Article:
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Let’s start with some good news. According to studies by Voxnest and Podtrac, podcast consumption does not seem to be decreasing, at least not in aggregate. So while some individual shows are noticing a drop, these two early studies see evidence that people aren't staying away from podcasts overall. Instead, the data indicate the mix of shows people choose to listen to -- a listening habit -- is changing.
As working podcasters, our challenge is blending that macro-level good news of sustained-if-not-growing audience and the micro-level reality check of changed listening habits into something we can use on our shows. Because all of us are (or soon will be) wondering what the heck are we going to do on our programs.
As I said at the beginning, this is impacting all of our lives. Us as working podcasters. They as listeners. They as potential listeners. Everyone is facing a new reality. All we can do is adapt to it.
The moment the first episode of your podcast was downloaded into someone’s podcast listening app, you entered into a contract with your listeners. We call that a social contract, even though neither of you signed anything. This contract says, broadly speaking, that you’ll deliver a certain amount of content in a certain style and that they, in turn, will listen. As any business person knows, in times of trouble we often tear up contracts that no longer fit the current circumstances and renegotiate with the other party.
It's time to renegotiate the social contract between you and your listening audience. Thanks, Coronavirus.
In the last week or so I’ve had a wave of podcasters -- some clients, some friends, some just random connections -- seeking out my advice about what they're supposed to do with their shows in response to the new world we find ourselves in.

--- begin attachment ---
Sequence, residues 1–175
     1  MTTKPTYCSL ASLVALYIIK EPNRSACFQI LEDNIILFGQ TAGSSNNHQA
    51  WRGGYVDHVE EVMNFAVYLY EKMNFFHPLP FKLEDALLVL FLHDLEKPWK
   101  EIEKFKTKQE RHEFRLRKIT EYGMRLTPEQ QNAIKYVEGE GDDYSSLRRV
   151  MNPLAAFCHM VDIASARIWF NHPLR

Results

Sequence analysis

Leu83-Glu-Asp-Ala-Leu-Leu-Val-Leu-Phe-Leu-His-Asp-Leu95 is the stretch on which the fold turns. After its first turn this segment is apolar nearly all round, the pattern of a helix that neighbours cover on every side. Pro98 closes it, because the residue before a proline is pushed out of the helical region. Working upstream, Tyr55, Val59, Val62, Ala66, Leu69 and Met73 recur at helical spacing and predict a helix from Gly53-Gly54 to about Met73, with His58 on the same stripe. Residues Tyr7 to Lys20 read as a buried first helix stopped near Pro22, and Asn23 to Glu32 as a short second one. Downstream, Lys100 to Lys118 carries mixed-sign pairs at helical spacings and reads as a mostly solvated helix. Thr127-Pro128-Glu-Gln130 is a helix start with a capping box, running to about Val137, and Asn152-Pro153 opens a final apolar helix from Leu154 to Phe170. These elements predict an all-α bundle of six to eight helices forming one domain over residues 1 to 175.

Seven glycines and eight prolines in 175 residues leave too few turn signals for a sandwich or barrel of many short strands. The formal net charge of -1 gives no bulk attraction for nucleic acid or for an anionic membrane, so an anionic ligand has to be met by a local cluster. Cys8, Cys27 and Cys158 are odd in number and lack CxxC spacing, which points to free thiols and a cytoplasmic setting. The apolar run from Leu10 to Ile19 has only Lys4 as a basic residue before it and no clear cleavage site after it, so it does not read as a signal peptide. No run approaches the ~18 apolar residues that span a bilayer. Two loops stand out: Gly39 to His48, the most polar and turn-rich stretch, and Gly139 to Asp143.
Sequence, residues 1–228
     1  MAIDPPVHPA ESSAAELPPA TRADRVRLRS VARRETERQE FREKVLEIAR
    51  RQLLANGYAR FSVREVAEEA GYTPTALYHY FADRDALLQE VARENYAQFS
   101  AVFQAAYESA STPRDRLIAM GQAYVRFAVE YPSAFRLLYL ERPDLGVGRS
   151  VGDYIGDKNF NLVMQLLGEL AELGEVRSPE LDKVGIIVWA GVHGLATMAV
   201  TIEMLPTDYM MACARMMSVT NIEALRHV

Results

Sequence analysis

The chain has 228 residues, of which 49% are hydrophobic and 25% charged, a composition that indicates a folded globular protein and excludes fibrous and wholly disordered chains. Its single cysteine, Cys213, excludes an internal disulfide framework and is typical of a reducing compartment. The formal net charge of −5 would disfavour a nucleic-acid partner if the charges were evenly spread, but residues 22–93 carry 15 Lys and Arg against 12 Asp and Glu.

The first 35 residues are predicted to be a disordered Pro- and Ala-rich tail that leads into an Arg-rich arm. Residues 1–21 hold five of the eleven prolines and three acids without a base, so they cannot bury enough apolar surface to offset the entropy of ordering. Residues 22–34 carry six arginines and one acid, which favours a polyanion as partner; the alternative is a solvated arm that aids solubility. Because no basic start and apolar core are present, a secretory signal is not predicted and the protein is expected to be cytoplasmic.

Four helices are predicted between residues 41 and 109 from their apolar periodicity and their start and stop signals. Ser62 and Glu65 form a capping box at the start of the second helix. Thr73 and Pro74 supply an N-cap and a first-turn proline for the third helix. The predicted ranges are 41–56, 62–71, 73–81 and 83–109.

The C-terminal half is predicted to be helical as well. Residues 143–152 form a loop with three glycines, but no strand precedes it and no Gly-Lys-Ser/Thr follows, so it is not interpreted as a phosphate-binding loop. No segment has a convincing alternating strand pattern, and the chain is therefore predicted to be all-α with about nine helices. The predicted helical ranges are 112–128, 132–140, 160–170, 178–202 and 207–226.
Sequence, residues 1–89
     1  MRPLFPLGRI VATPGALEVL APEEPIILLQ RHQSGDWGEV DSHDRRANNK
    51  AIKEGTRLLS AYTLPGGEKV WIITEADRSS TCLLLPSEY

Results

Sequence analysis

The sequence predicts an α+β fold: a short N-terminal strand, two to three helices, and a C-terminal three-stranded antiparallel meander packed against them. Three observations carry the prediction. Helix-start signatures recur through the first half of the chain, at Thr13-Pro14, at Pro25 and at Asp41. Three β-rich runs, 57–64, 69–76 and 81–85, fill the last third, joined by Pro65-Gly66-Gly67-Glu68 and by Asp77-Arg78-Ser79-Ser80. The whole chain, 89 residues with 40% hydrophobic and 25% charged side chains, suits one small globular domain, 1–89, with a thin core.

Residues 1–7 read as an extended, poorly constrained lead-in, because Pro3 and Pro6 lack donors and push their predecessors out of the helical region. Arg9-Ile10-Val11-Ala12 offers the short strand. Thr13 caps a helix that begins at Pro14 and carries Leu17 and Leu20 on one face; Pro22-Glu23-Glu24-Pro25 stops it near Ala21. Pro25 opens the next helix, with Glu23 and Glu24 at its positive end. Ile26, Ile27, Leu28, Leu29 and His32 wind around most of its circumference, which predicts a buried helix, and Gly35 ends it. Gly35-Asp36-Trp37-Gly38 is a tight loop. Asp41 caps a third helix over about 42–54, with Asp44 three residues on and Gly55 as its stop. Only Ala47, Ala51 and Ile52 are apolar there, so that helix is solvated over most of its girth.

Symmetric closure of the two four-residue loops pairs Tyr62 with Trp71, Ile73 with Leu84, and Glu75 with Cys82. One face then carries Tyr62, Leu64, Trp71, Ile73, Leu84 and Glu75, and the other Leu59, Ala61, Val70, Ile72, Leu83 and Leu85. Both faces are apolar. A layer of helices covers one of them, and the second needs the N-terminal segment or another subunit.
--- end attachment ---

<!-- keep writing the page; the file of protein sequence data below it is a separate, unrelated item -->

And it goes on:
My advice, you might be surprised to hear, has changed. For the initial weeks of the COVID19 crisis, I led with the notion that podcasters should keep on keepin’ on. My now-changed position was that people were likely to use podcasts as an escape from the constant barrage of bad news. I thought that people needed a sense of normalcy in their lives, and I thought that listening to podcasts was a great way to help them achieve that.
That was my opinion and approach until last week. Now, I don't think that way anymore.
I changed my opinion and approach because this isn't a blip. This isn't something that will go away next week or the week after next. And as discussed on yesterday’s program, this is going to cause long term changes to listening habits. We will come out of this, but we’ll come out to see a different world, different within our own nations, and different as people.
If you agree with my bleak-yet-rational position, then you need to make some changes to your podcasts.
Specifically, you really have to choose between one of three options.
1. Ignore it. I don’t recommend taking the ostrich head-in-the-sand approach. Not only is that a myth, but it makes you seem rather out of touch. If you’re lucky, it only makes it seem like you produced your episodes months ago before the crisis started. At worse, it looks like you're ignoring the problem we all face and are hoping for divine intervention to make the pandemic go away tomorrow.
That's bad. While there are certain instances where not addressing the pandemic might make sense, it should not be your default choice. Your listeners -- all of them -- are impacted by this. If you ignore that, you risk coming off as ignoring them.